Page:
I met the first woman via Fashion Magazine. Last week I took a fashion mag to bed for one of those mindless reads that marked the end of a grueling work project. After ten minutes, I could barely contain my disgust. The editorial content was devoted to "Ageless Style", yet the advertising exhorted women to "fight", "conquer", "turn back time", and "resist aging from the first signs".
The oldest model in the issue, Carmen Del' Orifice, above, looked suspiciously fresh in the photos, unlike the 76 year old women I know.
The next-oldest is this women, Micheline, who represents the 60s.
Her exact age, the profile says, "is an expertly maintained mystery". (Oddly, the magazine ran profiles of women in their 20s, 30s, 40s and 60s, but no 50s.) I've seen her in the high-end store where she works, and she is an exotic, chic presence.
She said "You have to dress in what makes you feel good,” citing with pride her ability to pull off plunging necklines. “You don’t have to turn 60 and start wearing frumpy things.” I agree with that last statement, though her level of "makes you feel good" is very different from mine.
I'll never attempt the amount of work required to achieve and maintain this effect. I'd require such serious surgical intervention that I might not survive the procedures. And life is too short to forgo blueberry pancakes.
It's relative, isn't it? One woman's flashy is another's frumpy. And if you feel good, whether you're wearing flats or stilettos, that confidence is evident,
I met the second woman though her obituary.
Mary McCarthy Gomez Cueto, a Canadian, died in her home in Cuba on April 3 , 2009, at age 108, after a remarkable life. She died in her rundown Havana mansion after failing to get treatment for respiratory problems due to a shortage of cash, according to her godson and heir, Elio Garcia. "She had been suffering the embargo for 50 years," he said.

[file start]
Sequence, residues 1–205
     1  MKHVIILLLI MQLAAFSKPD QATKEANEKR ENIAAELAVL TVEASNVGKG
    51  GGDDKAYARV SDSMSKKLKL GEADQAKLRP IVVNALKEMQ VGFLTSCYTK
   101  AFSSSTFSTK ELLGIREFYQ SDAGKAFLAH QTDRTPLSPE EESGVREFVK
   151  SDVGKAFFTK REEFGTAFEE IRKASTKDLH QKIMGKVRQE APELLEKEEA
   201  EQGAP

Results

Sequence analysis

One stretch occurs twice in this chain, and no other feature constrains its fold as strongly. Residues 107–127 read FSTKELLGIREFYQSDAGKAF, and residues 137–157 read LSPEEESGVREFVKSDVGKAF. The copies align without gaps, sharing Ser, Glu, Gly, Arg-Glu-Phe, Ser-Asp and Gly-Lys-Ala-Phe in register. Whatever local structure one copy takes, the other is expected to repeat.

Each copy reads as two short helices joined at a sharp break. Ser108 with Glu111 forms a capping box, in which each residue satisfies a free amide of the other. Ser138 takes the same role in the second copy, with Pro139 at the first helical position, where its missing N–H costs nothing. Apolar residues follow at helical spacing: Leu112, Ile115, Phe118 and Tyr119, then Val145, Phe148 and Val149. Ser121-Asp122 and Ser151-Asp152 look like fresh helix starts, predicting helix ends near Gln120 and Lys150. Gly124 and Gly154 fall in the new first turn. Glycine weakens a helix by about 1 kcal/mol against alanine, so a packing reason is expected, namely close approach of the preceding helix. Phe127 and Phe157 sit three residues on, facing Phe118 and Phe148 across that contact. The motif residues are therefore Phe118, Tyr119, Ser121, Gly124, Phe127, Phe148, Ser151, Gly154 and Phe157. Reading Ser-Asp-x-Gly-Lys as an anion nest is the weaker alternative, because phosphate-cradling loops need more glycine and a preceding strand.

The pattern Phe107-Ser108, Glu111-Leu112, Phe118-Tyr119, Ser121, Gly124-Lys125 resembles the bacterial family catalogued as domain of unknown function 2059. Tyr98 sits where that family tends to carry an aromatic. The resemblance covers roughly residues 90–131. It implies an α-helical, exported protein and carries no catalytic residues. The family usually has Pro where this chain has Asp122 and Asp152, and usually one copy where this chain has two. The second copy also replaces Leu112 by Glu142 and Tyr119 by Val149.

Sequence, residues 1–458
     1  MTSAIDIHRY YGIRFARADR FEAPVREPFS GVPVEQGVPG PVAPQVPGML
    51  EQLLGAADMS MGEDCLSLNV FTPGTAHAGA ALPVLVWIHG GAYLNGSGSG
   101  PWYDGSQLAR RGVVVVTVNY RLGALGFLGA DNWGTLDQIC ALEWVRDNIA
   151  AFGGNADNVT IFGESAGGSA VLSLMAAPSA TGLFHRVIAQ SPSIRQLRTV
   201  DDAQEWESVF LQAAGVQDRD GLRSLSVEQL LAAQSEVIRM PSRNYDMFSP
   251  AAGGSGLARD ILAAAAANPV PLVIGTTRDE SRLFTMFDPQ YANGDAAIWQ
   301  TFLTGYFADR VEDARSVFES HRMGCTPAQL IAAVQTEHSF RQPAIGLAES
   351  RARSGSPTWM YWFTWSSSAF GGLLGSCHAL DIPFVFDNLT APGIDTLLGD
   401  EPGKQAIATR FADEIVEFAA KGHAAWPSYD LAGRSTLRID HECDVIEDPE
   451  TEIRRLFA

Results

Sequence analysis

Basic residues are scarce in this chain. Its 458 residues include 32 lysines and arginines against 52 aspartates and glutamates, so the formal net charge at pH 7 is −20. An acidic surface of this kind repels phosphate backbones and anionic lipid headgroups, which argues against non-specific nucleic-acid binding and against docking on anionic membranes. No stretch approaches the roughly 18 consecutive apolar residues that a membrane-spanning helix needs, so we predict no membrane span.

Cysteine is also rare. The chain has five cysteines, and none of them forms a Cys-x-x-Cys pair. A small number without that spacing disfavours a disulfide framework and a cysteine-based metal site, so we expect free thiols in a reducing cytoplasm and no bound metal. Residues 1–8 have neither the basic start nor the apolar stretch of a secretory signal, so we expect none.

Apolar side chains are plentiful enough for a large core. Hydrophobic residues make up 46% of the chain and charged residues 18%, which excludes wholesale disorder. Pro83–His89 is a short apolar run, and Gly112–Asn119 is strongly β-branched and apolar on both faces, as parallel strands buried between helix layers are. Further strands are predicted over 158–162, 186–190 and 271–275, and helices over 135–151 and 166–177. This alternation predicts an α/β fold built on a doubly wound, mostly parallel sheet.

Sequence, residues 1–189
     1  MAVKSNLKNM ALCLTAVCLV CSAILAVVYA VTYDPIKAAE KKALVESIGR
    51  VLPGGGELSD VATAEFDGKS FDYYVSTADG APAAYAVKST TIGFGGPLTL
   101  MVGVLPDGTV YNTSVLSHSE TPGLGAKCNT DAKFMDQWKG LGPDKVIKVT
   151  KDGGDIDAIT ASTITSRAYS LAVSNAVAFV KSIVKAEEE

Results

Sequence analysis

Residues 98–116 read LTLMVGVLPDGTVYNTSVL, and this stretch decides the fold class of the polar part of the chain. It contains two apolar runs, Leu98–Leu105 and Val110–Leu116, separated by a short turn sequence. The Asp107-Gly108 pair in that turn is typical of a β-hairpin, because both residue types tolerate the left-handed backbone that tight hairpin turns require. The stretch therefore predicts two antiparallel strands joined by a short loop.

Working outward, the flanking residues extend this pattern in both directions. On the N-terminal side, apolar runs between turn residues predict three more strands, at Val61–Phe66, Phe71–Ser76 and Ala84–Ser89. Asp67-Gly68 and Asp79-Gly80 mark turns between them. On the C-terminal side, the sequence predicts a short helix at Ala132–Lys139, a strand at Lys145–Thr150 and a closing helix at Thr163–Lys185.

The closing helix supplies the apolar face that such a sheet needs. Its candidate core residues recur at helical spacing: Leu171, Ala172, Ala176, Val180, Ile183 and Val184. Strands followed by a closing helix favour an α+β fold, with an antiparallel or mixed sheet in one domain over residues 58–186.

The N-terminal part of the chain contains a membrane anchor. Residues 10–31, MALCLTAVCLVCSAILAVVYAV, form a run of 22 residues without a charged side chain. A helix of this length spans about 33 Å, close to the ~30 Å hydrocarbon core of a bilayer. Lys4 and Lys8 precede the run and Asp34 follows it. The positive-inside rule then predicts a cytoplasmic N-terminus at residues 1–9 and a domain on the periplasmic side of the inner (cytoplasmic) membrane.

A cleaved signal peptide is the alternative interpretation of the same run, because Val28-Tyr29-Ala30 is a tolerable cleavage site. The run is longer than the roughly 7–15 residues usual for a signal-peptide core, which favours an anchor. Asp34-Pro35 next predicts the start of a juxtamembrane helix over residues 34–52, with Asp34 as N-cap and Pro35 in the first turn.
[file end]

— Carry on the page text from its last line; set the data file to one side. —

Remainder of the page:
Her fortune was trapped in a Boston bank by the US trade embargo, and the money her husband left in Cuba was seized when Castro come to power. McCarthy, born in Newfoundland in 1900, moved to Cuba in 1924 when she married a wealthy Spanish businessman whom she met in Boston.
She became a member of Cuba's high society, co-founding the Havana Philharmonic Orchestra and an orphanage for boys. She was known for her kindness, glamour, and equanimity about the changes in her fortune.
Her husband died in 1951, but she stayed in Cuba. She was not able to touch the money her husband left her after the US imposed a trade embargo against Cuba in 1962, and lived in near poverty for years. In 2007, after a Canadian diplomat intervened, Washington allowed her to withdraw just $96 a month. Mrs McCarthy had to postpone medical treatment when the US did not transfer extra money allowed for medical purposes in time.
Although confined to a wheelchair after breaking a hip in 2002, she continued to wear a satin dress, silk blouse, chiffon scarf and lipstick for her stream of visitors, just as she had done in the days when she danced at the Havana yacht club. But she was reduced to wearing plastic pearls and earrings instead of the jewellery which, along with three gold rosaries, was in the First National Bank in Boston, and she was keenly aware that the joy had gone out of Havana, even if there was full employment.
Lively and outspoken into extreme old age, Mary McCarthy admitted to conflicting views about Fidel and his revolution. She conceded that the illiteracy and the poverty had ended, and was glad that her money had been put to good use. But she disliked communism, and was adamant that it was wrong to confiscate what belonged to her. "It's my money," she would insist.
Mary McCarthy was perhaps the best welder of the friendship between the people of Cuba and Canada," said the Canadian consul, Mark Burger.
(Sources: Reuters and The Telegraph.)